The musical ends with a discussion session where kid viewers can actively reflect on the performance.  According to Cogen, this is the most important part because it creates awareness and a springboard for discussion.  The musical will tour in Ohio, Texas, and other states this fall.

Thursday’s Children and the Law News Roundup

District Not Liable in Student Bullying, Appeals Court Rules, The School Law Blog – Education Week

A Pennsylvania school district cannot be held liable for the bullying of a high school student by one of her peers, despite the fact that school officials re-admitted the perpetrator after she had been found delinquent and then continued to bully the victim, a federal appeals court has ruled.

The full U.S. Court of Appeals for the 3rd Circuit, in Philadelphia, expressed sympathy for the victim and her family but said that under well-established precedents they could not prevail under two distinct theories in holding the district and one of its administrators legally responsible for the bullying.

The court held 9-5 that despite compulsory education laws the school did not have a “special relationship” with its students that would give rise to a duty to protect them from harm from other students. And it ruled 10-4 that legal injuries to the victims were not the result of actions taken by administrators under a “state-created danger” theory of liability.

Past Traumatic Experiences Common Among Detained Juveniles, Juvenile Justice Information Exchange

Most young people placed in detention have experienced at least one traumatic event in their lifetime, according to a new report from the federal Office of Juvenile Justice and Delinquency Prevention (OJJDP).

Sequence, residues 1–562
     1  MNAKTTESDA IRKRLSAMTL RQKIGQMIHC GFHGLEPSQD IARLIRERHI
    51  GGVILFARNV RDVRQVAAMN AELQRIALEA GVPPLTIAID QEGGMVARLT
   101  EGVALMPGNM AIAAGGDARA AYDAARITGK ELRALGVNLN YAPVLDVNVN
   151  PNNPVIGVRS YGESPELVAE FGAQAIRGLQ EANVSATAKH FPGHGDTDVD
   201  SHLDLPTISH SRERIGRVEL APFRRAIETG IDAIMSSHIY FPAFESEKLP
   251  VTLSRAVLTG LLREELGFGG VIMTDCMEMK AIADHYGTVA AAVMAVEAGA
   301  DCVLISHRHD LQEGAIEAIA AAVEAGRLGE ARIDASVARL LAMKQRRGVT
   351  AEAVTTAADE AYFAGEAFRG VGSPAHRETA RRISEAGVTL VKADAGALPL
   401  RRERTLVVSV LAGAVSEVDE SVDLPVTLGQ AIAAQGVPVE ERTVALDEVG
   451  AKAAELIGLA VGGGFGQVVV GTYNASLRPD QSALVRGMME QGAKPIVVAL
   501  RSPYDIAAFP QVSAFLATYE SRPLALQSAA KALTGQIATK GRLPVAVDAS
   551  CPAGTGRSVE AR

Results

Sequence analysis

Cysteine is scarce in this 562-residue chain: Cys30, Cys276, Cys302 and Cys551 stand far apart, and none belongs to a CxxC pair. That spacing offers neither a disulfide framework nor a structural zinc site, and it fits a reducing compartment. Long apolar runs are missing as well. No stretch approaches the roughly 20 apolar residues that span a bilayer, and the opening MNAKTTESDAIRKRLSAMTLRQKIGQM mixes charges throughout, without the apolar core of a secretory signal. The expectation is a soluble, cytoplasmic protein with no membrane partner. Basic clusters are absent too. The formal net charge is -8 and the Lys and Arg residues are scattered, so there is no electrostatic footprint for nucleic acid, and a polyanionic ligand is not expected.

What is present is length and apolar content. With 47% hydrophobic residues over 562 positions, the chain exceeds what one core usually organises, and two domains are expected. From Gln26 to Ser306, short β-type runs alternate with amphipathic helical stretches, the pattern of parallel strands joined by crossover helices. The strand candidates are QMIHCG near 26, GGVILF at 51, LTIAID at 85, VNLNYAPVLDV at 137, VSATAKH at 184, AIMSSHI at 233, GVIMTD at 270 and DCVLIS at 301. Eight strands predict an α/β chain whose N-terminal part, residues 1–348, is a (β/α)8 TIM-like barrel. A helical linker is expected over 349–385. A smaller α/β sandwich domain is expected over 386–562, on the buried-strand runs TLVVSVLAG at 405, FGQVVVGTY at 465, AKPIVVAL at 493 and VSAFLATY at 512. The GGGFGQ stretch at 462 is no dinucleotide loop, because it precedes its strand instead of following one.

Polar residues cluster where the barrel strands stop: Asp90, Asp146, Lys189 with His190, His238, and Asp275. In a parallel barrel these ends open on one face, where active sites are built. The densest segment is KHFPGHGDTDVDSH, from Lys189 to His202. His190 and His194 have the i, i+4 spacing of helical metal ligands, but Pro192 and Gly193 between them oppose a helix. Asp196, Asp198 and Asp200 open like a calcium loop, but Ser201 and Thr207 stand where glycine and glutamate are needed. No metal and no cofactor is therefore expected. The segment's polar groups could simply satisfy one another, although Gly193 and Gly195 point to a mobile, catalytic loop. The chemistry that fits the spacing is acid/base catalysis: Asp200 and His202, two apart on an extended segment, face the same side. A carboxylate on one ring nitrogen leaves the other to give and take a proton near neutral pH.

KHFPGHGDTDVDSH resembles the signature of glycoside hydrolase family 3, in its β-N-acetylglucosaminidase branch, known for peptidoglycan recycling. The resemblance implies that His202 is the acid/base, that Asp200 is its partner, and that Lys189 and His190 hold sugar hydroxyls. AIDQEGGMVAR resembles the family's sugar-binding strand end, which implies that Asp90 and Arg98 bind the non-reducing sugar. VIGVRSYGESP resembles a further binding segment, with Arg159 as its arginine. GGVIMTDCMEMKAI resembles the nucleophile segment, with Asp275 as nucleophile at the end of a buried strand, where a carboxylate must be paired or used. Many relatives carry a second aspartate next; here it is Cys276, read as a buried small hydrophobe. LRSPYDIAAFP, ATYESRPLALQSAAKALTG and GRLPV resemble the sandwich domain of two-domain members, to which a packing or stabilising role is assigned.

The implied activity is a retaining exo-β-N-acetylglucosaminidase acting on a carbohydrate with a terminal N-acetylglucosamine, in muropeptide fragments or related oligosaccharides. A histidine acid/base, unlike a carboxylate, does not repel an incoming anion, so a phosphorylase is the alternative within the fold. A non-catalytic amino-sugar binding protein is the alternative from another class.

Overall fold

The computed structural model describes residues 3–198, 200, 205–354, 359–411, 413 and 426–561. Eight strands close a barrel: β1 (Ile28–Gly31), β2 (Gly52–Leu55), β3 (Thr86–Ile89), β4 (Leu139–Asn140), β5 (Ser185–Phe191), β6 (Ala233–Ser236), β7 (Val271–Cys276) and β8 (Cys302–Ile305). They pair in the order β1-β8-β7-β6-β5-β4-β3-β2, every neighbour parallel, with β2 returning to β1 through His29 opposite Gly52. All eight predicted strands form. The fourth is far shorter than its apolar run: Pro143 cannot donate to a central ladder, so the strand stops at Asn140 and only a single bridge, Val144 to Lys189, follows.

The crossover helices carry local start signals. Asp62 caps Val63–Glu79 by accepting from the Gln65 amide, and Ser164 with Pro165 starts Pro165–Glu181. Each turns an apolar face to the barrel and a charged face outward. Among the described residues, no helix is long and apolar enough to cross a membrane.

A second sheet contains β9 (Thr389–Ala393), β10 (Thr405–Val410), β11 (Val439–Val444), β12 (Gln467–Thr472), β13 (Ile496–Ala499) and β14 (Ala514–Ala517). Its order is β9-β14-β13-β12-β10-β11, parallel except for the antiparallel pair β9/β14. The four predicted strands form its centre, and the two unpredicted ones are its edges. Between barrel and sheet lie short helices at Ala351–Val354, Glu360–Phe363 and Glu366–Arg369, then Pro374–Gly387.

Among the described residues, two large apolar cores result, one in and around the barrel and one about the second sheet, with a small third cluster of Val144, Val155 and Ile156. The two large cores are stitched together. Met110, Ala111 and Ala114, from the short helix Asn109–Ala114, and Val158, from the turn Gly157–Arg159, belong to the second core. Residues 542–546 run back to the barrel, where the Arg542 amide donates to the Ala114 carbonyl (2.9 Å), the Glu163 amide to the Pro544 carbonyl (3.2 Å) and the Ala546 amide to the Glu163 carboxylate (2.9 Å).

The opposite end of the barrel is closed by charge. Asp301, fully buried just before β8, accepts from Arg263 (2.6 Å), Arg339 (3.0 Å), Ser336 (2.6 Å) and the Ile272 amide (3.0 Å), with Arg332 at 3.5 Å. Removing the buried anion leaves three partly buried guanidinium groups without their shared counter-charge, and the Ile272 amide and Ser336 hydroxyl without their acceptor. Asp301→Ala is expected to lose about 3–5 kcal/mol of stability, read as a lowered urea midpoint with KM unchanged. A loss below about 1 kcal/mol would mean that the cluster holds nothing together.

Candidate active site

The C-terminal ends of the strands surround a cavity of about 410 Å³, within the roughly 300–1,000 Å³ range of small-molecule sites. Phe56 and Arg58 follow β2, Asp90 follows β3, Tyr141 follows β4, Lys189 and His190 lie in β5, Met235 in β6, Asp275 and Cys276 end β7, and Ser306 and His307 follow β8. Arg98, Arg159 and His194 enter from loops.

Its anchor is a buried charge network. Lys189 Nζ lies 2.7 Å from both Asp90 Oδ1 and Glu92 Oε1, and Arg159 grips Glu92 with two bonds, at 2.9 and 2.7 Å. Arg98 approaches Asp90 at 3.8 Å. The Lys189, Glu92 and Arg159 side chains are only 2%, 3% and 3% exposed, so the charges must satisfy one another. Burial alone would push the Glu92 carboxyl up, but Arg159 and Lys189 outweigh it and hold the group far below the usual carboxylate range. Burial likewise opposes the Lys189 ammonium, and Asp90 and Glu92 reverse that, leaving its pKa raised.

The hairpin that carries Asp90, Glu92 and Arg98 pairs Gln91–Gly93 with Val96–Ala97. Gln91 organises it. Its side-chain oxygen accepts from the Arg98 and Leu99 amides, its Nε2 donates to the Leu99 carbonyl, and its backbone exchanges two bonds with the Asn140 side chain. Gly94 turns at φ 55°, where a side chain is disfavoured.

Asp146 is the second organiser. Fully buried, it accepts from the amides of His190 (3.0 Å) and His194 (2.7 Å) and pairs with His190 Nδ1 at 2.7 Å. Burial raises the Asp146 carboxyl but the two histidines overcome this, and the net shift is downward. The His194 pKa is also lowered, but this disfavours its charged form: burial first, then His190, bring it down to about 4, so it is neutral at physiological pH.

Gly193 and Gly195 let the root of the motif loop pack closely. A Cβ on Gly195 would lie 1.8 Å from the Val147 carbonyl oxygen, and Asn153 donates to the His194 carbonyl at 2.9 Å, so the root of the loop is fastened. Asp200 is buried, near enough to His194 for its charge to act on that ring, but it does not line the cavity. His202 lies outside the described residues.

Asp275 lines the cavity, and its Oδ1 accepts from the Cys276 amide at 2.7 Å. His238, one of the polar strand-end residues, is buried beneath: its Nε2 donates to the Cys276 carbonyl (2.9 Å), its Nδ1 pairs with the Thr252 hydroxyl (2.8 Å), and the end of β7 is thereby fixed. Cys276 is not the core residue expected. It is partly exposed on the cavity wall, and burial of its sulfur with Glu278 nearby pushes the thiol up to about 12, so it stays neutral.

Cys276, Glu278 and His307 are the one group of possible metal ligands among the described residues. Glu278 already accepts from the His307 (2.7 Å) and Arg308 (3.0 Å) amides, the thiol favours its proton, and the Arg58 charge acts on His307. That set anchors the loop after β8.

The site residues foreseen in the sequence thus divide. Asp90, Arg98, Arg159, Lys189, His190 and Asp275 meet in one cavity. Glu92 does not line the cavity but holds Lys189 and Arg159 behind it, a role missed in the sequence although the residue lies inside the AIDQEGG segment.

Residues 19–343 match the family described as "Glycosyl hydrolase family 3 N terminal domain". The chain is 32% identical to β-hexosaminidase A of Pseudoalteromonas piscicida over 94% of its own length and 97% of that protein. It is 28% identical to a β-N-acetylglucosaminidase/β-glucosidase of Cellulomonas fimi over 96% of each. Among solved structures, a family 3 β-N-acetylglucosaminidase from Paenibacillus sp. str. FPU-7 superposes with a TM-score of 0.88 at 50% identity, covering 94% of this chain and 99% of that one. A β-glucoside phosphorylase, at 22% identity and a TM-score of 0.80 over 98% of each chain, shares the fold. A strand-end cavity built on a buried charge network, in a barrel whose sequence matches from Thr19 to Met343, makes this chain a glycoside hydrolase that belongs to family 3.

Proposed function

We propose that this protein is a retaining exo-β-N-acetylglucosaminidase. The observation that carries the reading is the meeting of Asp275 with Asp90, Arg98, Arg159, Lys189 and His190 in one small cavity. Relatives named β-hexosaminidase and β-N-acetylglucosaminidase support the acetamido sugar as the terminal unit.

“PTSD, Trauma and Comorbid Psychiatric Disorders in Detained Youth,” released Tuesday, included findings culled from the Northwestern Juvenile Project, which assessed more than 1,800 young detainees in Chicago between 1995 and 1998. According to the latest OJJDP bulletin, of the final sample of nearly 900 subjects, 93 percent reported prior exposure to trauma, and approximately 84 percent reported experiencing more than one traumatic event. More than half of respondents reported experiencing traumatic events six times or more, according to the bulletin.

Children of Deported Push Congress to Reunite Immigrant Families, Voice of America

WASHINGTON — The son of a Mexican woman who became a symbol of the U.S. immigration reform movement by taking sanctuary in a Chicago church to try to avoid deportation pushed lawmakers in Washington Wednesday to help families like his.

Saul Arellano and other young U.S. citizens whose parents have been deported, or are in detention for immigration violations, shared their stories with members of the Congressional Hispanic Caucus, just days before the Senate is set to debate a possible overhaul of the U.S. immigration system.

Report: Feds Lock Children in Adult Immigration Detention, COLORLINES

New federal data released today by an advocacy group reveals that in the last four years,  at least 1,366 kids were locked up in adult immigration detention centers for more than three days. The majority were held in the jails for more than a week and 15 for more than six months. Federal rules require that minors be released from the facilities in less than three days.

The data, obtained by the National Immigrant Justice Center, a Chicago-based non-profit, comes as Congress considers a number of reforms to the immigration detention system as part of the Senate’s immigration reform bill. The detention of minors is presumed already to be unlawful becuse of a 1997 legal settlement and the immigation agency’s own protocols.

Nearly One-Third of Children with Autism Also Have ADHD, ScienceDaily

In a study of the co-occurrence of attention deficit hyperactivity disorder (ADHD) and autism spectrum disorder (ASD) in early school-age children (four to eight years old), researchers at the Kennedy Krieger Institute found that nearly one-third of children with ASD also have clinically significant ADHD symptoms.